By Alex Nowrasteh
The new Congress has come ready with some fresh ideas for immigration reform. Freshman Republican Sen. Cory Gardner, R-Colo., said in a recent interview, “We have to start with a secure border, we have to start with a guest worker program.” Gardner is right to link border security with a guest worker visa program. The former cannot be achieved without the latter.
Gardner’s comments are an under appreciated bit of common sense in an immigration debate stubbornly stuck between the polar opposite demands for nearly unlimited border security from the populist Right and unconditional amnesty from the progressive Left. Neither position will stop illegal immigration.
Doubling down on enforcement by itself won’t work. Since 1992, there has been an almost 500 percent increase in the number of Border Patrol agents and patrol hours spent along the Southwest border. In 2014, apprehensions — a proxy measure of the number of illegal crossers — were little more than a fourth of their 2000 peak of 1.6 million. Last year’s apprehensions were almost 100,000 fewer than they were forty years ago in 1974.
Texas Republican Rep. Mike McCaul’s new Secure Our Borders First Act would amass dubious technologies at the border — fences and other security gimmicks that will have little impact on an already trivial flow of unlawful immigrants. Instead of beefing up security, a guest worker visa program could decrease illegal immigration even further. History provides a prime example.
In 1953, there were about 2 million illegal immigrants from Mexico in the United States. By 1955, the number had fallen 90 percent and the cross-border flow nearly ceased — all while the number of Border Patrol agents actually dropped. This turnaround was achieved by the expansion of the so-called “Bracero” guest worker visa program.
After the expansion, Mexican workers learned that they could get a work visa easily. The visa allowed American farmers to legally hire migrant workers with minimum government oversight. Border Patrol helped by handing illegal immigrants a Bracero visa at their worksites. Many times, Border Patrol even brought the workers to the border so they could take one step into Mexico and immediately into the U.S. legally — a process dubbed “walking around the statute.”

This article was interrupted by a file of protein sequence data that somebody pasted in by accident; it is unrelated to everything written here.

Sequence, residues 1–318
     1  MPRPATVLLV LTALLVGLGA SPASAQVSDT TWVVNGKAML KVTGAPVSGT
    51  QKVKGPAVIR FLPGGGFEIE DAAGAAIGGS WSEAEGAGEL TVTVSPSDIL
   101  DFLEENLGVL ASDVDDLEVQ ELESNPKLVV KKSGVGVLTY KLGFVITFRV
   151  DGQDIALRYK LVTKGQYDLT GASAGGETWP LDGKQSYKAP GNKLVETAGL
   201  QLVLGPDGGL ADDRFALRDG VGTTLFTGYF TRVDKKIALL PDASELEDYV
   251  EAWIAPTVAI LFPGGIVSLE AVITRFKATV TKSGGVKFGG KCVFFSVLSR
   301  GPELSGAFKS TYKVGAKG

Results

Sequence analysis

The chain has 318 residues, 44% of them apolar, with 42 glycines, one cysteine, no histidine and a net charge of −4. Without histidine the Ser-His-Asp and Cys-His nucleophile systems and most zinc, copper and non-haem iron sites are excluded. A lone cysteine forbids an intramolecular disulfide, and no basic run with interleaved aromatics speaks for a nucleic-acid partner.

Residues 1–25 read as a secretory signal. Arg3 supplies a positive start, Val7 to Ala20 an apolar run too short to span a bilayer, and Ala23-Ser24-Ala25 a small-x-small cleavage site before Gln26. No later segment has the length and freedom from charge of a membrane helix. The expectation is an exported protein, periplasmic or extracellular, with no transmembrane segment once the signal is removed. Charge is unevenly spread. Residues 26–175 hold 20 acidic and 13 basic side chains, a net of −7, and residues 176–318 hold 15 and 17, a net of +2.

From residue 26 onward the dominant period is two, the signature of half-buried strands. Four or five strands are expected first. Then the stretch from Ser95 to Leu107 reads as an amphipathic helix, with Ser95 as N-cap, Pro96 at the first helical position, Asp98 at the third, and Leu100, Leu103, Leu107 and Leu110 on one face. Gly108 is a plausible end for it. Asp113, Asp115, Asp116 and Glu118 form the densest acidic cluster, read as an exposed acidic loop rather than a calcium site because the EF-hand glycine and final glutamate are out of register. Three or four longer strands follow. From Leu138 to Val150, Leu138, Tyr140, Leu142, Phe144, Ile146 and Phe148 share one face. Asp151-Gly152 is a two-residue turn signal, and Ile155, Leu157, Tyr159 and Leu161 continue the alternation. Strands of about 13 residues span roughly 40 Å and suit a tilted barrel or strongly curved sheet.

Once Mexican migrants realized it was simple and cheap to get a visa and American farmers realized they could hire all of the legal migrant workers they demanded, the illegal immigrant market virtually disappeared. At this point, Border Patrol and immigration enforcement focused on those few illegal immigrants that remained — a job made much easier, because Bracero shrunk their numbers so dramatically.
Bracero was ended in 1965, due primarily to opposition from labor unions. As a result, the number of illegal immigrants shot up after that year. This deprived American businesses of a legal way to hire migrants, and migrants of a safe and legal way to enter, ushering in the modern age of illegal immigration.
Enforcement is vital but it is merely an expensive band aid without a functional guest worker visa program. The government can’t get a handle on illegal immigration without a guest worker visa program to legalize much of the flow. A large and lightly regulated guest worker visa will drive would-be illegal immigrants into the legal system — an option that currently does not exist for them.
Amnesty has similarly failed to control illegal immigration — even when combined with more border security. The 1986 Ronald Reagan amnesty did both in spades but did not create a guest-worker visa. The number of illegal immigrants shot up after Reagan’s amnesty because the labor market demanded more workers but there was no legal way for them to come.
Bracero wasn’t a perfect guest worker visa, but its example shows how the opportunity for legal migration can crush illegal immigration. Gardner was right to link border security with a guest worker visa program. In practice, a functional guest worker visa makes border security possible. It’s high time Congress recognizes that.
Alex Nowrasteh is an immigration policy analyst at the Cato Institute’s Center for Global Liberty and Prosperity